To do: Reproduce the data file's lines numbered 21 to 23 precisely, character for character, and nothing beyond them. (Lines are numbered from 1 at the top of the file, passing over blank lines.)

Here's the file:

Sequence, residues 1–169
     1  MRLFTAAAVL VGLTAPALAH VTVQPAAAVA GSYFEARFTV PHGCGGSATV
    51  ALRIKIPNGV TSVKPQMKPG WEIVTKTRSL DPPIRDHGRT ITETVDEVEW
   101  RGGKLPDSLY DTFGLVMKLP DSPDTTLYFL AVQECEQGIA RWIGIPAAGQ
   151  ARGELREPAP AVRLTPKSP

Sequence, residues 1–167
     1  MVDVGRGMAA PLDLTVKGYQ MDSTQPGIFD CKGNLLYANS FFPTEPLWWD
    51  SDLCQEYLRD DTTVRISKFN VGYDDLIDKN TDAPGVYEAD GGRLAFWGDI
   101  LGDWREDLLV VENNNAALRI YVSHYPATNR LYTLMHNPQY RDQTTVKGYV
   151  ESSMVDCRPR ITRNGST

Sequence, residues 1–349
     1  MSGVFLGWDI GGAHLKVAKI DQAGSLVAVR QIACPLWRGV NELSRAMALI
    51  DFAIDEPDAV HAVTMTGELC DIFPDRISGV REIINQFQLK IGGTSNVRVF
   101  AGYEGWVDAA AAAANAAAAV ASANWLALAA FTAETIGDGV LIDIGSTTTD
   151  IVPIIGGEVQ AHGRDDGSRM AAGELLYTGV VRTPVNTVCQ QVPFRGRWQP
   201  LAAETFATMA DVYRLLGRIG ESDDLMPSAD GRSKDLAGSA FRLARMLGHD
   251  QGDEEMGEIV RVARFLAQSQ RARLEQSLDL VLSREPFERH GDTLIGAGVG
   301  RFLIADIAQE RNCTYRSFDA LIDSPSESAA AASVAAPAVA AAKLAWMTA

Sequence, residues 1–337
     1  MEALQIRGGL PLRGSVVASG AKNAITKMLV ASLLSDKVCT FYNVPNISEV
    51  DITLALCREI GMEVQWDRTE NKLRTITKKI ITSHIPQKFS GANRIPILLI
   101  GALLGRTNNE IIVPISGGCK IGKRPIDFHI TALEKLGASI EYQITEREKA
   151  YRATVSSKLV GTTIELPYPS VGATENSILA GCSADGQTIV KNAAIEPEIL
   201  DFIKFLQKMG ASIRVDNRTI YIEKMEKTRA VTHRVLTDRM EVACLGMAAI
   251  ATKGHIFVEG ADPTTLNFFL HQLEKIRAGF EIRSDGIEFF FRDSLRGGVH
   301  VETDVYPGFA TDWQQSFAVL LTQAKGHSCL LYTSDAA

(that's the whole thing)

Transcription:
    51  DITLALCREI GMEVQWDRTE NKLRTITKKI ITSHIPQKFS GANRIPILLI
   101  GALLGRTNNE IIVPISGGCK IGKRPIDFHI TALEKLGASI EYQITEREKA
   151  YRATVSSKLV GTTIELPYPS VGATENSILA GCSADGQTIV KNAAIEPEIL